Author Christine Morgan Reviews “Extinguished”. Honestly.

In my experience, most people review my books as though I’ll be cooking dinner for them at some point. It’s like they’re afraid I’ll purposely scratch my nether regions while flipping the burgers. At least, I think that’s what they do. My reviews consist of mostly old high school friends and people I know personally but, lately, I’ve surrounded myself with people I consider to be professional readers and reviewers. Christine Morgan and Lisa Lee Tone are two of these people and they give it to me straight every time. I can’t personally imagine that I’m worth as much praise as I receive sometimes from casual readers. Still, kind words are nice, but I prefer HONEST words. How can you grow as a writer if people won’t be honest about your contributions?

Author Christine Morgan is someone I highly respect. After meeting her at KillerCon 2019 in Austin, Texas and being completely blown away by her zombie short story collection titled Dawn of the Living Impaired, I couldn’t wait to see what this talented lady had to say about one of my works. What she offered made me happy even though it’s not all sugar coated and covered with sprinkles.

Not every book is for every reader. End of story. No pun intended.

I wrote this novel under strange circumstances. The short story it’s based on was written during an extremely drunken weekend in San Francisco. The novel was written during complete sobriety while locked away in my writing studio hideaway in Greenville, Texas. During the short story, I was in a relationship with the person in which the main character is based. The rest of the novel? Written after the inevitable break up. I almost didn’t write it out of spite. In the end, I’m glad I did. I love the characters and story.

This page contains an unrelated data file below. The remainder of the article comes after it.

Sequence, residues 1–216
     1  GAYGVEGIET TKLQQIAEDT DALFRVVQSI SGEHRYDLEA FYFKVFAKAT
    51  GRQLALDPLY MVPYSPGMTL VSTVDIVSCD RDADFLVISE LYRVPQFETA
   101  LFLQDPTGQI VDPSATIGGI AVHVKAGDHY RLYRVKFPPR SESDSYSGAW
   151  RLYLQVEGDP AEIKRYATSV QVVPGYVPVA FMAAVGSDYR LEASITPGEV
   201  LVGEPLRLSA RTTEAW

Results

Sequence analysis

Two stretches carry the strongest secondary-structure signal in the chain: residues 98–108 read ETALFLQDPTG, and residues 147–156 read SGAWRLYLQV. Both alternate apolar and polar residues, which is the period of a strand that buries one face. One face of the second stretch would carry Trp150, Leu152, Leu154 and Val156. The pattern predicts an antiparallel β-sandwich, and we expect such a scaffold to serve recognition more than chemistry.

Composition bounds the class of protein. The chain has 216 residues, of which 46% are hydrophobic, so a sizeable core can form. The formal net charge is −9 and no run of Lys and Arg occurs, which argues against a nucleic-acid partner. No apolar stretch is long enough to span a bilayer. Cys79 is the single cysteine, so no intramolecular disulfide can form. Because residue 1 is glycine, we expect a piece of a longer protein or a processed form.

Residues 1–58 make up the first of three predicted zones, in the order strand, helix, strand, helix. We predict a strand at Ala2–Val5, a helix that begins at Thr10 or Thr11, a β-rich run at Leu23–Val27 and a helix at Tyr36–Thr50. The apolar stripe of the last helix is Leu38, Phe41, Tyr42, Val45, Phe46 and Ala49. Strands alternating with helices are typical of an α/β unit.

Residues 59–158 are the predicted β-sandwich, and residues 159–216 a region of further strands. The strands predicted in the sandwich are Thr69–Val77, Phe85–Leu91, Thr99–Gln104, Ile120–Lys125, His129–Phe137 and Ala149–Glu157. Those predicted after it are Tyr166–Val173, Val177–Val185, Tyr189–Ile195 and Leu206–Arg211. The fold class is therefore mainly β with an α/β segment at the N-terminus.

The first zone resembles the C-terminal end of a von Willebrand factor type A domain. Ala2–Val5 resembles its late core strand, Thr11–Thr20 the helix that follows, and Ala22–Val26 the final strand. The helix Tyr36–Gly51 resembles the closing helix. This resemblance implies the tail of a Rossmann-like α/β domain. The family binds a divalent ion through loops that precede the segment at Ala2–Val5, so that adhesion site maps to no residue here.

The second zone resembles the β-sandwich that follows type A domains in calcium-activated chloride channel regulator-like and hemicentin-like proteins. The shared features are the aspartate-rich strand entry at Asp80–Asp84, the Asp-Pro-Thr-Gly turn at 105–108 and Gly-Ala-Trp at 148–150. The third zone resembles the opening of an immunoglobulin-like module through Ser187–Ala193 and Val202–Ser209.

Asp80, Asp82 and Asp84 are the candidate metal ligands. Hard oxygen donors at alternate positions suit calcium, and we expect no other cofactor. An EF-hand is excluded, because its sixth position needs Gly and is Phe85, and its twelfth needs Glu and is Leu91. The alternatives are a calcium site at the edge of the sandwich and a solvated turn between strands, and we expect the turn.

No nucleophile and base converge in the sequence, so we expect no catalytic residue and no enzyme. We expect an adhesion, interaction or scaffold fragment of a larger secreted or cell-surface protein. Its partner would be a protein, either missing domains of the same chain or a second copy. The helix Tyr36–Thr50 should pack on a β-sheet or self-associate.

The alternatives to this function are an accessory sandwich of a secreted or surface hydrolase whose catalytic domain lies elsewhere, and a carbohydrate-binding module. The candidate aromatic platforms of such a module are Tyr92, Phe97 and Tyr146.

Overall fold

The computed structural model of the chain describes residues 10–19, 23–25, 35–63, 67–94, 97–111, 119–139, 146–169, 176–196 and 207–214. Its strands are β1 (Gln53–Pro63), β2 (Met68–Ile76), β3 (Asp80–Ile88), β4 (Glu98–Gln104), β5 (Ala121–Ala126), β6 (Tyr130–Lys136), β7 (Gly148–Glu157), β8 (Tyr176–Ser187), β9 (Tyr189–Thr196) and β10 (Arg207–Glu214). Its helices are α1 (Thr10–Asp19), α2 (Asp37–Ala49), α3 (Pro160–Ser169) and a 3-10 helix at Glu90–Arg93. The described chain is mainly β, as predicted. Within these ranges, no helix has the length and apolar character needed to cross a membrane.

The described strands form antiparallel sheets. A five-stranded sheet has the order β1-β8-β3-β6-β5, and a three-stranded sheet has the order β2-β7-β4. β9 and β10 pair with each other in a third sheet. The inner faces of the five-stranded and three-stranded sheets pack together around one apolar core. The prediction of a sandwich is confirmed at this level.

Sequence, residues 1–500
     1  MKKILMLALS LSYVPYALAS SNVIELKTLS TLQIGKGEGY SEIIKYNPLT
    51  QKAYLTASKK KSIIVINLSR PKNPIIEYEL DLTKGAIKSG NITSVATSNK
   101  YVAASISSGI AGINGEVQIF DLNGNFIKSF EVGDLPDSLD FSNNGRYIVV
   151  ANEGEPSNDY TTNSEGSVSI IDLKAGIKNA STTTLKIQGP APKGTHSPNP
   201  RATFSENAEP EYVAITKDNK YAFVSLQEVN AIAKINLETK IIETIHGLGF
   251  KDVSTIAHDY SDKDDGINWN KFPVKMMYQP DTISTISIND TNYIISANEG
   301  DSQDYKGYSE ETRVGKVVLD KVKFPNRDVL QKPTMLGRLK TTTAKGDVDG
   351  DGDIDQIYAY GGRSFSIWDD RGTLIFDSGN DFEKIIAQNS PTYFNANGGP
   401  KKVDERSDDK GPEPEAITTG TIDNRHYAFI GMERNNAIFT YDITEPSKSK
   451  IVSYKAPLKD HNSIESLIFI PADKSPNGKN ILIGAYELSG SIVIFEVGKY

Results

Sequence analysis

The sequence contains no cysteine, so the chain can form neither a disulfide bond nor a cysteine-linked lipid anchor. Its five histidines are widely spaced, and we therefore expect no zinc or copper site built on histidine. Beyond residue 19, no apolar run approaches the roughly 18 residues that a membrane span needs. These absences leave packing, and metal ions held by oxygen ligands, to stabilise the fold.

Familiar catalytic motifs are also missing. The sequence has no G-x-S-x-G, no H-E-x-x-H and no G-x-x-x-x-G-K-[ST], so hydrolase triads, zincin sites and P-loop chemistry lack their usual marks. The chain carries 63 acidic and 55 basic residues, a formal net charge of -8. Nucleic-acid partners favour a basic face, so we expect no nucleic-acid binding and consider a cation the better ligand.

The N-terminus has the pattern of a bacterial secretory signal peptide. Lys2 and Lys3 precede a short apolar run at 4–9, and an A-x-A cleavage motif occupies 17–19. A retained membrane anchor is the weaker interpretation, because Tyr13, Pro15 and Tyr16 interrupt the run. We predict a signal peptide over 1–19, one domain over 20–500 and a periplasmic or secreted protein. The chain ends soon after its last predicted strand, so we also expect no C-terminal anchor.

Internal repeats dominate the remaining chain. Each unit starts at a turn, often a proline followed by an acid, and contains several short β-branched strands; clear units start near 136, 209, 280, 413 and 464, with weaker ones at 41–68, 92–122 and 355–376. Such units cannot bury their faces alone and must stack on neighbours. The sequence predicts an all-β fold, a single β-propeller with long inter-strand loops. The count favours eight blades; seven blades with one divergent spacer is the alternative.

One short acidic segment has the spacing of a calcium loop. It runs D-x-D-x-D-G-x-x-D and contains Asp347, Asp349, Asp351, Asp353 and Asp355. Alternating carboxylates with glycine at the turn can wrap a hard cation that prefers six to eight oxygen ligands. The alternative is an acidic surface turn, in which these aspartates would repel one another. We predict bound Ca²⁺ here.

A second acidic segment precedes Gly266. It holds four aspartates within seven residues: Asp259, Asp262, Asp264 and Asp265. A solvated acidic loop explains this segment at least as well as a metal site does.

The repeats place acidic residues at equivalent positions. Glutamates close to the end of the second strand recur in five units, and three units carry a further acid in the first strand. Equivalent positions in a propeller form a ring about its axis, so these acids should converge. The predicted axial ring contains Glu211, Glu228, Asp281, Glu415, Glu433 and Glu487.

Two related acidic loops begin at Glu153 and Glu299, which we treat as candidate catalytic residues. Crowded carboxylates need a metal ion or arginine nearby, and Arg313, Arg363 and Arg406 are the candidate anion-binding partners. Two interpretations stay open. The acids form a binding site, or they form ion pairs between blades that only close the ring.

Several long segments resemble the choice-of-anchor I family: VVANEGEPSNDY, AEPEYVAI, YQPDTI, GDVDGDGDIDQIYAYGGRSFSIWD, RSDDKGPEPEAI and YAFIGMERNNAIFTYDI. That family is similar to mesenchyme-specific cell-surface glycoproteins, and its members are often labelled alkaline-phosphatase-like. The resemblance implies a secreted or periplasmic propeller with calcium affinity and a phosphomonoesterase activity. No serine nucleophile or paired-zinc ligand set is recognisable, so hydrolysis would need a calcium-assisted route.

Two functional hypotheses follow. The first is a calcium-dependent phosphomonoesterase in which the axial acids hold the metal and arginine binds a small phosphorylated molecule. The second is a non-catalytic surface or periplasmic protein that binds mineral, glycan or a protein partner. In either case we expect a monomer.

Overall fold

Title: Extinguished

Author: C. Derick Miller

Publisher: Death’s Head Press


An “aptronym” is what they call it, the term for when your given name suits (however ironically) your chosen profession or role in life. Whether it’s prescience on the part of your parents, or some kind of self-fulfilling prophecy, it’s often amusing and sometimes annoying. And easier to get away with / put up with in fiction than the real world.

In this case, the aptronym belongs to Angel Burns, who lost her mother in a tragic house fire, was raised by the fire chief who rescued her, and went on to pursue firefighting as a career. Now a single mom, working for and with a bunch of oinking sexist jerks who make her job a living hell, she has no idea how much an actual “living hell” she’s about to stumble into.

Or, as it turns out, that her first name’s a bit of an aptronym too, when she finds herself caught in a supernatural battle and then recruited into a secret society of demon-hunters. Armed with her trusty fire-axe and a magical family heirloom, Angel’s new mission involves trying to stop the forces of evil from getting their claws on the relics that can be used as weapons against them.

I enjoyed the story, but did find the writing fairly heavy on the “tell” side of things (particularly when it came to referring to her as “the young hunter” or “the girl” or “the hero” and similar stylistic phrasing, though to be fair that is a big-time personal peeve of mine.) And the characterization of Angel struck me kind of bothersome in that crass one-of-the-boys-but-with-sexy-sexy-boobs way.

The energy’s there, though, and the sense of fun. Lots of action scenes and what would be big-budget special effects. Some see-it-coming twists, others surprising. I’d be interested in seeing more.

See more of Christine’s work at

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